· Since much of our work is interactive and in-class, it cannot be made up. Missing more than three (3) classes will result in a non-satisfactory grade. More than one late arrival or early departure will constitute an absence at my discretion.

· Classes are intended to be interactive and hands on! Students are the primary focus in the classroom, therefore your attendance and participation is important to us all.

· Make-up exams are allowed in the case of family emergencies, illness and/or injury, and must be completed within one week of the scheduled exam date. All papers and weekly projects are due on time. If you have any difficulties regarding attendance, the materials and/or assignments in this course, please contact me as soon as possible. This will give you the opportunity to stay “on track” with the class.


Weekly Reading, Subject and Assignment Schedule

All reading assignments are to be completed before the class meets on Thursday,

unless otherwise noted.

Week 1: Introduction

  • Reading: Ch 1- History, Theories and Methods (to be covered in-class)
  • Domains and Dimensions of Child Development
  • One Individual’s Development: Case Study
  • Theories, Theorists: Arnold Gesell and Child Advocacy

Week 2: Nature and Nurture

  • Reading: Ch 1&2- History, Theories and Methods/Research Strategies
  • Contextual Theory- Levels of the Ecosystem
  • Epigenetics: The Nature/Nurture Interface

Class 3:Prenatal Development and Birth

  • Reading: Ch 3- Biological Foundations, Prenatal Development and Birth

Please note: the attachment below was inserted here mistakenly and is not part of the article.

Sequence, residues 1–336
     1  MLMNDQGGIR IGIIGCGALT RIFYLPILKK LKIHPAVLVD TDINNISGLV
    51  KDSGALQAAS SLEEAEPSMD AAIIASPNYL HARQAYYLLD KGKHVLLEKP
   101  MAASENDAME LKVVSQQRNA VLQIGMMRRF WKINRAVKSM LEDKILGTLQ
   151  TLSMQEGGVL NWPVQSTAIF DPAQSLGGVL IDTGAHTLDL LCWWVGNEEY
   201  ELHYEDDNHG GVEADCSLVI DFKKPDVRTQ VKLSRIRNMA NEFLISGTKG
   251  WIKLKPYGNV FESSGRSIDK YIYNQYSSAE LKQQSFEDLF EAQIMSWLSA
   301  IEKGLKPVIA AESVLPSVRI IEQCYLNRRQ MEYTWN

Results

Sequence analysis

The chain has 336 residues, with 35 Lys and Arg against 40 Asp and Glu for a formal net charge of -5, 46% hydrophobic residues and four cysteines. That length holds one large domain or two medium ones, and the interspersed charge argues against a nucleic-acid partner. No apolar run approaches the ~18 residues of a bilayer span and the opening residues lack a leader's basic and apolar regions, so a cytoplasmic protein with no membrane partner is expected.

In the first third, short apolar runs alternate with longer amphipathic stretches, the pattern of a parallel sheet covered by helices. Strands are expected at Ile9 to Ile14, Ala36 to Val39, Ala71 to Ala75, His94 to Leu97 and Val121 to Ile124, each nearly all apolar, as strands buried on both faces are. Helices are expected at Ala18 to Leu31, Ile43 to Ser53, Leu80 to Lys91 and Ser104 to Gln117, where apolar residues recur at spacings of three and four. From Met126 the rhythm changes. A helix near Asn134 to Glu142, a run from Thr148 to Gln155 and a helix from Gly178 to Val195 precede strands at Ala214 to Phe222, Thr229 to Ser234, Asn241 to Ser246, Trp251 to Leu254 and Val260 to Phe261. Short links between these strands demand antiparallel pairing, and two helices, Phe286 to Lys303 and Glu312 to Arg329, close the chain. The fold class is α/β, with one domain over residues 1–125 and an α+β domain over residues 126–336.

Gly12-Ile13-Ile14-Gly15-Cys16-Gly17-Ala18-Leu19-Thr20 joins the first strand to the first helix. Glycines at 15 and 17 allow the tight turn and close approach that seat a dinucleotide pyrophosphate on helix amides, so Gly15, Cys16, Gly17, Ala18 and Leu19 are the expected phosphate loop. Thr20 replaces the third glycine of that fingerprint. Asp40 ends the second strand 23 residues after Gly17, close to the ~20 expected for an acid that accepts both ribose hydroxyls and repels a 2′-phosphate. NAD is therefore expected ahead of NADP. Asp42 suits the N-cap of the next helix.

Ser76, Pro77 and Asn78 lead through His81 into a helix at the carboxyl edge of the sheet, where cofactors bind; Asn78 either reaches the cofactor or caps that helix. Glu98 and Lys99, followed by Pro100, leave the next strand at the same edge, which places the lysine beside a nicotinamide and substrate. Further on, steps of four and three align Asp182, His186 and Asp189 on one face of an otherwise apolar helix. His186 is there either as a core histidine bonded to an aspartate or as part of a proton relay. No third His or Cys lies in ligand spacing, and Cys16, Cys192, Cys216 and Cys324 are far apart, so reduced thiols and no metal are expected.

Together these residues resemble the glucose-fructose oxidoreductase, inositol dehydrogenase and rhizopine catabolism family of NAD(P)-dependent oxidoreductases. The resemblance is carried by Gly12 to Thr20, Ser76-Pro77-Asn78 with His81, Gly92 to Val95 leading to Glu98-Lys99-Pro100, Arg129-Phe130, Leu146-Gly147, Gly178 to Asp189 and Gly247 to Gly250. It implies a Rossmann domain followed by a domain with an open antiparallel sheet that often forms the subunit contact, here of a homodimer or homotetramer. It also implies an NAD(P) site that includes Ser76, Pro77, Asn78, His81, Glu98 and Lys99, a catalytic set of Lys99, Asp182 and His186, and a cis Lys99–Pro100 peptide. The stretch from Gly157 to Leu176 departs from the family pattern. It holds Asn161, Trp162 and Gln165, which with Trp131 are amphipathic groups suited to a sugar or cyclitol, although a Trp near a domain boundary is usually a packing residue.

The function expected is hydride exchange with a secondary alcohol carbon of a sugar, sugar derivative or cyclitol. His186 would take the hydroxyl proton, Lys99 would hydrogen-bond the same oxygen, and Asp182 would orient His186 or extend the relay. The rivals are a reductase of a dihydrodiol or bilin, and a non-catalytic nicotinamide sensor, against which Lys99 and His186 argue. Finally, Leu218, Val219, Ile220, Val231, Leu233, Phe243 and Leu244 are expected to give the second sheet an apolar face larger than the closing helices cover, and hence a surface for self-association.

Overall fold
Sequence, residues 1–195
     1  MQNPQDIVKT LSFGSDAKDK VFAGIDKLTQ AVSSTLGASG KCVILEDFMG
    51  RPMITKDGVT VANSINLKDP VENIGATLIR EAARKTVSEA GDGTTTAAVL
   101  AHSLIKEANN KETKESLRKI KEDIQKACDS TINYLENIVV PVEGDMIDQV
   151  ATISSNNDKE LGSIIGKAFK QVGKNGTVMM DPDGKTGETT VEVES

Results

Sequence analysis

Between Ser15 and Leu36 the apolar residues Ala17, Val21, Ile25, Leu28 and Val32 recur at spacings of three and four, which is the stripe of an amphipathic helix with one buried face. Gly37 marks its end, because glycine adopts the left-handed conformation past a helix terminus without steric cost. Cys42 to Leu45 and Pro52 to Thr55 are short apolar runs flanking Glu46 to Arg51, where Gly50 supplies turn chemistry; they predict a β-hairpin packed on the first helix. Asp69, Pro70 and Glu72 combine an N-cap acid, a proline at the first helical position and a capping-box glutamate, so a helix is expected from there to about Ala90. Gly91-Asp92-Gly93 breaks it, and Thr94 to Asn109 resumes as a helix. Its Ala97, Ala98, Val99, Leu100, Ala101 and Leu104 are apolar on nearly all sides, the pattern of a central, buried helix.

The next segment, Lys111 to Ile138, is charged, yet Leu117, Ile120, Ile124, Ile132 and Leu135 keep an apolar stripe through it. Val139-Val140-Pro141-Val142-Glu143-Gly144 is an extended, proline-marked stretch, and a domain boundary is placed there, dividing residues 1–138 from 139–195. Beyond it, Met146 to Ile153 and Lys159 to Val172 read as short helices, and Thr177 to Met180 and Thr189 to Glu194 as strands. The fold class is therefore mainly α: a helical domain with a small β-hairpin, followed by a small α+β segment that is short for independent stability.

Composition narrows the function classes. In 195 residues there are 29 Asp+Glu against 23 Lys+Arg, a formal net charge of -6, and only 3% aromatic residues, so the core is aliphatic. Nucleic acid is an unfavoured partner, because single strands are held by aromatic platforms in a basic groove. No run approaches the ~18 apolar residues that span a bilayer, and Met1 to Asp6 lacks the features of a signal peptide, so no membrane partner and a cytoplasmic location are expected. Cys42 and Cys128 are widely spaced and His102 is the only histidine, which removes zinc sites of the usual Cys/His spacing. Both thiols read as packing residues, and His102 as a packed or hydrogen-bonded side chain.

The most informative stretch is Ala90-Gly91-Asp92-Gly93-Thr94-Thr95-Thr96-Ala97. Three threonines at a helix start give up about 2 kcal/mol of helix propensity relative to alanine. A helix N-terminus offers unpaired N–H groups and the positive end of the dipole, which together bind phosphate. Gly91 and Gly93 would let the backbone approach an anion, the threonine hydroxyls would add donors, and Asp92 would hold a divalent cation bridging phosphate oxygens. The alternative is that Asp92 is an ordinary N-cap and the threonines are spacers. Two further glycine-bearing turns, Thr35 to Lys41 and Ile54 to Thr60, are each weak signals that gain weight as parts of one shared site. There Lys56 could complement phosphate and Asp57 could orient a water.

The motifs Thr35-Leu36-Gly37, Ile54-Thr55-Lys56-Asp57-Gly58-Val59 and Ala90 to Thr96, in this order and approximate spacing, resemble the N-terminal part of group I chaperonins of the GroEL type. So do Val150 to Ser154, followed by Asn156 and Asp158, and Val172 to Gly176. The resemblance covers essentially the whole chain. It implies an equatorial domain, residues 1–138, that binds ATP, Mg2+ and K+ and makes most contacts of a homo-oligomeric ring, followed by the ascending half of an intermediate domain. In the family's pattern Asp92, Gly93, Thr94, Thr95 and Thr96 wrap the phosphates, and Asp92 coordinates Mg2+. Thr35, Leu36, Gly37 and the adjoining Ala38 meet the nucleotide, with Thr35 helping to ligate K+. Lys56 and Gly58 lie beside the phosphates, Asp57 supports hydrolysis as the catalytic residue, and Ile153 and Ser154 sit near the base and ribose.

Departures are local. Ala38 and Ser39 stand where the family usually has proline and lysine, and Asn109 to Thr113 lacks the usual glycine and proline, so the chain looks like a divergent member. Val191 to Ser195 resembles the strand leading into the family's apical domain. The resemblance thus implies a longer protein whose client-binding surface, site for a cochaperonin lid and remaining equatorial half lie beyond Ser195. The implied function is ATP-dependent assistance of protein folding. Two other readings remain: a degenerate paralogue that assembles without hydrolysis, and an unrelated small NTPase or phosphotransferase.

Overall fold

• Prenatal Development “In The Womb”
  • Prenatal Learning
  • Neo-natal Testing- Birth Complications

Class 4:Infancy: Foundations for Development

  • Reading: Ch 4- Infancy: Early Learning, Motor Skills, Perceptual Capacities
  • Motor, Sensory and Perceptual Development
  • The Importance of Human Touch
  • Dynamic Systems Theory

Class 5:Physical Growth

  • Reading: Ch 5- Physical Growth
  • Physical Fitness in a Digital World
  • Lunch, Recess and the Schools
  • Brain Plasticity

Class 6:Cognitive Development: Piaget

  • Reading: Ch 6- Cognitive Development: Piagetian, Core Knowledge and Vygotskian Perspectives
  • Piaget- Sensorimotor Substages
  • Baillargeon: The Impossible Event
  • Preoperational Tasks to Conservation

Class 7:Cognitive Development (cont'd.)

  • Reading: Ch7- Cognitive Development: An Information Processing Perspective
  • Focus: Social Origins of Make Believe Play
  • The Child-Centered Preschool
  • Midterm: Piaget, Vygotsky: An In-Class Application

Class 8: Intelligence

  • Reading: Ch 8- Intelligence
  • Multiple Intelligences and the Stereotype Threat
  • Emotional Intelligence
  • The Headstart REDI Program

Class 9: Language Development Emotional Development

· Reading: Ch 9- Language Development

  • Language Milestones
  • Deaf Child/Parent Interactions and Language Development